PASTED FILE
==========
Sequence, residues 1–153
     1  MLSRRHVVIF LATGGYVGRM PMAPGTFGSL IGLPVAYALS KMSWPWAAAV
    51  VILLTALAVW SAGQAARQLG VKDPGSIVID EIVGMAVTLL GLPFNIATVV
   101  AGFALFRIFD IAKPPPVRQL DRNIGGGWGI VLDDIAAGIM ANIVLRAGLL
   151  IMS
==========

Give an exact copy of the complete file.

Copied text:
Sequence, residues 1–153
     1  MLSRRHVVIF LATGGYVGRM PMAPGTFGSL IGLPVAYALS KMSWPWAAAV
    51  VILLTALAVW SAGQAARQLG VKDPGSIVID EIVGMAVTLL GLPFNIATVV
   101  AGFALFRIFD IAKPPPVRQL DRNIGGGWGI VLDDIAAGIM ANIVLRAGLL
   151  IMS